• Cost-effectiveness of optimized adherence to prevention guidelines in European patients with coronary heart disease : Results from the EUROASPIRE IV survey
  • 2018
  • Ingår i: International Journal of Cardiology. - Elsevier. - 0167-5273. ; 272, s. 20-25
  • Tidskriftsartikel (refereegranskat)abstract
    • Background: This study aims to assess the cost-effectiveness of optimized guideline adherence in patients with a history of coronary heart disease. Methods: An individual-based decision tree model was developed using the SMART risk score tool which estimates the 10-year risk for recurrent vascular events in patients with manifest cardiovascular disease (CVD). Analyses were based on the EUROASPIRE IV survey. Outcomes were expressed as an incremental cost-effectiveness ratio (ICER). Results: Data from 4663 patients from 13 European countries were included in the analyses. The mean estimated 10-year risk for a recurrent vascular event decreased from 20.13% to 18.61% after optimized guideline adherence. Overall, an ICER of 52,968€/QALY was calculated. The ICER lowered to 29,093€/QALY when only considering high-risk patients (≥20%) with decreasing ICERs in higher risk patients. Also, a dose-response relationship was seen with lower ICERs in older patients and in those patients with higher risk reductions. A less stringent LDL target (<2.5 mmol/L vs. <1.8 mmol/L) lowered the ICER to 32,591€/QALY and intensifying cholesterol treatment in high-risk patients (≥20%) instead of high-cholesterol patients lowered the ICER to 28,064€/QALY. An alternative method, applying risk reductions to the CVD events instead of applying risk reductions to the risk factors lowered the ICER to 31,509€/QALY. Conclusion: Depending on the method used better or worse ICERs were found. In addition, optimized guidelines adherence is more cost-effective in higher risk patients, in patients with higher risk reductions and when using a less strict LDL-C target. Current analyses advice to maximize guidelines adherence in particular patient subgroups.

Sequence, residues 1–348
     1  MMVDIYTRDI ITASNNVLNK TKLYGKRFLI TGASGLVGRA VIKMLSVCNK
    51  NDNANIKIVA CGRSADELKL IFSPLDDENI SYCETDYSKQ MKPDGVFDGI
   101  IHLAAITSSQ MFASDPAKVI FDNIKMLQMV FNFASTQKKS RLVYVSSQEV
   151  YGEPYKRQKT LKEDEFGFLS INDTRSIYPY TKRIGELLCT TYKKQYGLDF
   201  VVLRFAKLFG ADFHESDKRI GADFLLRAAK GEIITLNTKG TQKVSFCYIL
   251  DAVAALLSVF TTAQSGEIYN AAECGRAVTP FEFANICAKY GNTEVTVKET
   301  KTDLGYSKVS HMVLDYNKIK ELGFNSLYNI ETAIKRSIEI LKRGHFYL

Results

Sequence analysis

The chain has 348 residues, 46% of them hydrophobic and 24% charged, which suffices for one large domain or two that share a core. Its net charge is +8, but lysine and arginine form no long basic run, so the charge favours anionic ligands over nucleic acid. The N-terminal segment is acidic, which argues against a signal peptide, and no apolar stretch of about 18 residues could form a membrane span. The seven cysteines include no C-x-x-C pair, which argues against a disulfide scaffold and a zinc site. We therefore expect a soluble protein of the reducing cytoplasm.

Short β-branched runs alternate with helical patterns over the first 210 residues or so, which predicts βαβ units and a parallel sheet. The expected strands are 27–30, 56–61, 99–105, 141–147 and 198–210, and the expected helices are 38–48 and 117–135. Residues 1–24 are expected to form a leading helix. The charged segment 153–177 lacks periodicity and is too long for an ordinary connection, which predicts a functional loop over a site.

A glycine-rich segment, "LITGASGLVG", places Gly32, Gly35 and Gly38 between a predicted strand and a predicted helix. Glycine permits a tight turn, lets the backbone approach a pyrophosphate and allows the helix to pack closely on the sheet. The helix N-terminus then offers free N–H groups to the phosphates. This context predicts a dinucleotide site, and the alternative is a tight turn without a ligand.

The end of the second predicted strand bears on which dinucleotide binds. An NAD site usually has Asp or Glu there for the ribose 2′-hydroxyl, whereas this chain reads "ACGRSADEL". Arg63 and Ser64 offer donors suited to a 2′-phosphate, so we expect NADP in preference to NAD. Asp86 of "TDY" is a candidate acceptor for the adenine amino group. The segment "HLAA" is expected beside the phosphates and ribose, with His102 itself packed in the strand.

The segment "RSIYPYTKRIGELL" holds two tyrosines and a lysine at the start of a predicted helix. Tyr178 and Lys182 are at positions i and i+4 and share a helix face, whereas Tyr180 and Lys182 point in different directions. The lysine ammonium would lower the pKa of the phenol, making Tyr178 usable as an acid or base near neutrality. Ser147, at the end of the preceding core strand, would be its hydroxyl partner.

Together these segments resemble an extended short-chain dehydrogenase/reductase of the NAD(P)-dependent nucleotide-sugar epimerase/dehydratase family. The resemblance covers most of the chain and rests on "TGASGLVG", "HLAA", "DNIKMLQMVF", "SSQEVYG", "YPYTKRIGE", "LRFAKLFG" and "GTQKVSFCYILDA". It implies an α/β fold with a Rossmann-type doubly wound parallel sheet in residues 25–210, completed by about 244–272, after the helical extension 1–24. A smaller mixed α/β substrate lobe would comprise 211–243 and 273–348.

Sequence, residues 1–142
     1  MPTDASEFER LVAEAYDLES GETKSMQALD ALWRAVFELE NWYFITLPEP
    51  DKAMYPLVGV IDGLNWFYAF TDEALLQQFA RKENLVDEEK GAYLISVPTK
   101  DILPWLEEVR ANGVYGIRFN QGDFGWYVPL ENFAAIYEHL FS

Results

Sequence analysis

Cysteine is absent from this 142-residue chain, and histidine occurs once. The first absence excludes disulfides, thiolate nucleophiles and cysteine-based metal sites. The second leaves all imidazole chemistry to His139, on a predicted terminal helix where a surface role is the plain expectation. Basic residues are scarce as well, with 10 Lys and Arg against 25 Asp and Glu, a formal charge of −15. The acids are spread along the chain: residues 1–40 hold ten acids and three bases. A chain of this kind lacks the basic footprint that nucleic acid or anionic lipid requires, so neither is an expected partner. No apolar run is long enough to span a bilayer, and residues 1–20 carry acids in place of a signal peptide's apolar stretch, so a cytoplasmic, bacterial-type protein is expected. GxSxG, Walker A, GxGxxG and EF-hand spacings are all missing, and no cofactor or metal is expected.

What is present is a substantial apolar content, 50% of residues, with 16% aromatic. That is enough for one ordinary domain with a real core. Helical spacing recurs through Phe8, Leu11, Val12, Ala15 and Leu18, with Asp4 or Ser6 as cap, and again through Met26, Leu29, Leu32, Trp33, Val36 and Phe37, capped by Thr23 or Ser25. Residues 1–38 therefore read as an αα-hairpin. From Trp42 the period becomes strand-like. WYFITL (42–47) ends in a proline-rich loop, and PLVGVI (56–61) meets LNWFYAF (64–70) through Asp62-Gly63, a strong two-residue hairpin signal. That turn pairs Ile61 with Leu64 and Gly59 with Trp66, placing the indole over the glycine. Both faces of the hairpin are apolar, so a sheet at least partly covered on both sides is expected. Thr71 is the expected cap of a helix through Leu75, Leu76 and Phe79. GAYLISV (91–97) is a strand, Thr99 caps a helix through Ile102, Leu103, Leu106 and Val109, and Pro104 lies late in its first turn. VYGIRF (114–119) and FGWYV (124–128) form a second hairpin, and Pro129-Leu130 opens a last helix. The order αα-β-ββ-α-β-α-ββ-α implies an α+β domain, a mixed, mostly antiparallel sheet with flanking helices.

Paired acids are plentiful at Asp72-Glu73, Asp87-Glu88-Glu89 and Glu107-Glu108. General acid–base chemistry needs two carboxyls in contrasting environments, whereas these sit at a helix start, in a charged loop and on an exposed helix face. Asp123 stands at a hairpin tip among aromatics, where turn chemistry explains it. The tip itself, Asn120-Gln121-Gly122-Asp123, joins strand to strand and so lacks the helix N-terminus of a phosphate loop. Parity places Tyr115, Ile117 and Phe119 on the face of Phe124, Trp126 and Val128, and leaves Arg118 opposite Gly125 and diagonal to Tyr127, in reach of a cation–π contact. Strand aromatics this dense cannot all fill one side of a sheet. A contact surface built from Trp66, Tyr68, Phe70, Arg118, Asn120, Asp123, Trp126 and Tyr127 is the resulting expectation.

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  • Sator, Lea, et al. (författare)
  • Overdiagnosis of COPD in Subjects With Unobstructed Spirometry A BOLD Analysis
  • 2019
  • Ingår i: Chest. - 0012-3692 .- 1931-3543. ; 156:2, s. 277-288
  • Tidskriftsartikel (refereegranskat)abstract